There are now seven times more car mechanics than financial advisers.
The number of financial advisers has fallen sharply in response to the implementation of the retail distribution review.
And fears are growing that not only are advisers falling by the wayside, but that consumers are turning more and more to ‘DIY investing’.
Jasper Berens, head of UK funds at JP Morgan Asset Management, told the Financial Times: “The new RDR regulations have made consumers more aware of the advice they get, which is a good thing.
“But there are some people who think it is now more cost effective to make their investments themselves, without help.”
And Patrick Connolly, a certified financial planner at independent financial adviser Chase de Vere, agreed: “You can’t really argue with more transparency over fees and better qualifications for advisers. But it does mean that, as people realise they are paying for advice, they may think they are better off without it, which can be a problem.”
RDR was nearly seven years in the making – and could potentially transform the way people invest and save.
The first stage of RDR, adopted in January of this year, forced asset managers to stop paying commisions – which were often hidden from clients and investors to financial advisers, and instead clearly outline their charges for managing money and giving advice.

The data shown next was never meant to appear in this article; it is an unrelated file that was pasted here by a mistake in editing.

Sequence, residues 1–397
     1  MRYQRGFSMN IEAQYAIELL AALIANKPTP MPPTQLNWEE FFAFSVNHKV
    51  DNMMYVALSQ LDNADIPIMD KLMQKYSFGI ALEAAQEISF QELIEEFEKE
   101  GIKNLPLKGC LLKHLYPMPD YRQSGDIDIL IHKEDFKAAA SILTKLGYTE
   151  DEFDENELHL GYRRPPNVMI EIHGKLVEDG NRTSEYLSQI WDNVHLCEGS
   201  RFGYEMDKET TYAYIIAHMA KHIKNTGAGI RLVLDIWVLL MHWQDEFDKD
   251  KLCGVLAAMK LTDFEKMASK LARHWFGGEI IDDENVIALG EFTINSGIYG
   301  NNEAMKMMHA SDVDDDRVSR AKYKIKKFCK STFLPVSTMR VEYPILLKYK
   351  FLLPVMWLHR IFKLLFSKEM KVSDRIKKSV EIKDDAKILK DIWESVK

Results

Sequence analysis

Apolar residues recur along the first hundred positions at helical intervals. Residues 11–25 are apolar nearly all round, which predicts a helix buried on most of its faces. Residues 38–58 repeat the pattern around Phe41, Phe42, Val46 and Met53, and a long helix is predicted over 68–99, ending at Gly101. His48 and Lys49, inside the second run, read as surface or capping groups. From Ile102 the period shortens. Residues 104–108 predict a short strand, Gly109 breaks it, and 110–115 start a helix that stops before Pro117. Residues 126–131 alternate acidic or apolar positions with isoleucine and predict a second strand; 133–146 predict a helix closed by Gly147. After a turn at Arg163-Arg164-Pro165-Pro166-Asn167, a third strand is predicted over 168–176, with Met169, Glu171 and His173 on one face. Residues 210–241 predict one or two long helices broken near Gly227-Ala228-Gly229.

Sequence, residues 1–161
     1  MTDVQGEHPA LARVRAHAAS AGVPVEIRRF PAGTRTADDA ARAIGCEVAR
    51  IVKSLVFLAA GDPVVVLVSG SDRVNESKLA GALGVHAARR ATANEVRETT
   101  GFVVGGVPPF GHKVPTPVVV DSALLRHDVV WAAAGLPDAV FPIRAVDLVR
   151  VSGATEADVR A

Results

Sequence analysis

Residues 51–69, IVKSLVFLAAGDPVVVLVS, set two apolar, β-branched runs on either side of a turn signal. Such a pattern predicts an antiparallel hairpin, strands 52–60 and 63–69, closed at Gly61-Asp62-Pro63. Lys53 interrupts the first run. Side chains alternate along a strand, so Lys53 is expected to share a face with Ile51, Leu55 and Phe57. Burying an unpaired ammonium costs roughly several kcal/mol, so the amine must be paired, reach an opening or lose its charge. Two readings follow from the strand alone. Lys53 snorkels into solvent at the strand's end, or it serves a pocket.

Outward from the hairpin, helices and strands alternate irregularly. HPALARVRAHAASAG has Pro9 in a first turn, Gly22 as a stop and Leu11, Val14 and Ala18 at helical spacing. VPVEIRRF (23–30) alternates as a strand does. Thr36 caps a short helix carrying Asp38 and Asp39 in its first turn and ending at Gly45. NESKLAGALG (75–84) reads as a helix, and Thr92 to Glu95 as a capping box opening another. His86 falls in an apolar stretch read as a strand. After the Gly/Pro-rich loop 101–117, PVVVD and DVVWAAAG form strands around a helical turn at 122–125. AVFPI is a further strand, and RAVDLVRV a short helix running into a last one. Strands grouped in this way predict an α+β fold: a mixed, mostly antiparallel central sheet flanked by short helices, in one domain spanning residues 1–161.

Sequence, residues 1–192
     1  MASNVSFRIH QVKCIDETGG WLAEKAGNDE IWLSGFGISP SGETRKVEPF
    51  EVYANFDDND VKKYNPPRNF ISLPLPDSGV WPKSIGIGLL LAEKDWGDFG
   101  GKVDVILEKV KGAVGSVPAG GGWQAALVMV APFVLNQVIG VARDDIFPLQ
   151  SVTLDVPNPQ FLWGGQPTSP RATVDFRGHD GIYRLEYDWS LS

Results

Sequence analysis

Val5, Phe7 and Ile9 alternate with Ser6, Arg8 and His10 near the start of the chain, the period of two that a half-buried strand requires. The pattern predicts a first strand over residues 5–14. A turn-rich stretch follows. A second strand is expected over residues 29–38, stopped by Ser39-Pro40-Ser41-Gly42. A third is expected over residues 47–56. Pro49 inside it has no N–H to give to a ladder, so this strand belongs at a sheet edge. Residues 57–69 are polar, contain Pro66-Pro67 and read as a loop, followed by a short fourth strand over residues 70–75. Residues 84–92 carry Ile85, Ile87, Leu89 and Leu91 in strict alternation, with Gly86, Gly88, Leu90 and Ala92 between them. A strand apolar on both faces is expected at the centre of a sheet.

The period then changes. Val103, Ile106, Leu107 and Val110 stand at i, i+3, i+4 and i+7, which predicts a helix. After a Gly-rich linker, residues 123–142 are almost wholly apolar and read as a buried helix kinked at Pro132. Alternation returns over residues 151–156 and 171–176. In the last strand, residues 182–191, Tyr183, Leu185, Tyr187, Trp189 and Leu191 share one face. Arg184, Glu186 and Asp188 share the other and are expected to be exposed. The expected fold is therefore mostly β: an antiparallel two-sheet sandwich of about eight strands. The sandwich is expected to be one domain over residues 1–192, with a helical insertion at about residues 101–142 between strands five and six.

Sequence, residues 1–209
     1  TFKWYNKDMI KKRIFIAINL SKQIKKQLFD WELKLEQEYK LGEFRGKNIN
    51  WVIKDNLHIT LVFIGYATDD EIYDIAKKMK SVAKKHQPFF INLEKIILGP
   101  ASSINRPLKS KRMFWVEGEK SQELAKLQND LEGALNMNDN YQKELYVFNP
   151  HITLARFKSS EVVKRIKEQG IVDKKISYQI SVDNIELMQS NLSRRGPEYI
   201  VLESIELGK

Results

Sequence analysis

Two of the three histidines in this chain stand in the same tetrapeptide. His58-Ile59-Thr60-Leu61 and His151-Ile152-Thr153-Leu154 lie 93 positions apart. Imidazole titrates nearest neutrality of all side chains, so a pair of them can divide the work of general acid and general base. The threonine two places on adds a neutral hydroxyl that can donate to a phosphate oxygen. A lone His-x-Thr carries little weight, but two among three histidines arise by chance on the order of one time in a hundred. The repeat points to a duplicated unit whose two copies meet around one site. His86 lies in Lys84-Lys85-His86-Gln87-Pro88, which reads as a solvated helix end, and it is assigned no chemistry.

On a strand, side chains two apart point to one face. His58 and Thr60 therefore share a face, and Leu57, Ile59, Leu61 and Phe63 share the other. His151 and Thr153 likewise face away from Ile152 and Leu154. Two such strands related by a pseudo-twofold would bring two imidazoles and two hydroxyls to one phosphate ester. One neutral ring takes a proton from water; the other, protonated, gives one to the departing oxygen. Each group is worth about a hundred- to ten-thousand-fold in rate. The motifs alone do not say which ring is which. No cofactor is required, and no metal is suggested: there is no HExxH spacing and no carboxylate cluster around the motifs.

Financial advisers are also now subject to tougher qualifications.
The second stage of the RDR reform, to be brought in next April (2014), will force platforms to make their fees more transparent too.
Many financial advisers have fallen by the wayside with the introduction of RDR.
According to the Financial Conduct Authority (FCA), there are now 32,690 financial advisers.
This compares with 41,000 two years ago says the Association of Professional Financial Advisers, although the latest FCA data does show numbers have risen slightly in the last few months.
There are now seven times more car mechanics than financial advisers in the UK; six times more housebuilders; and nearly four times more plumbers according to the Office for National Statistics.
Hugh Mullen, the managing director UK at Fidelity Worldwide Investment, told the FT: “Most people would not dream of repairing their own car, or fixing their own plumbing, yet it seems more people are deciding against financial advice to save on fees.”
That can be a dangerous path to tread.
Here at Lifetime we were already well prepared for the advent of RDR at the start of this year, and so the change went ahead seamlessly.
We practice what we preach:
Service, Service, Service
Building strong, lifetime relationships
Overall, helping people to reach their financial goals throughout their life is at the heart of what we do. We continually support clients to refresh and renew their financial plans, to keep them on the right track, and to ensure that their financial plans go hand-in-hand with their life plans.
So don’t go it alone. There are financial advisers willing and ble to help.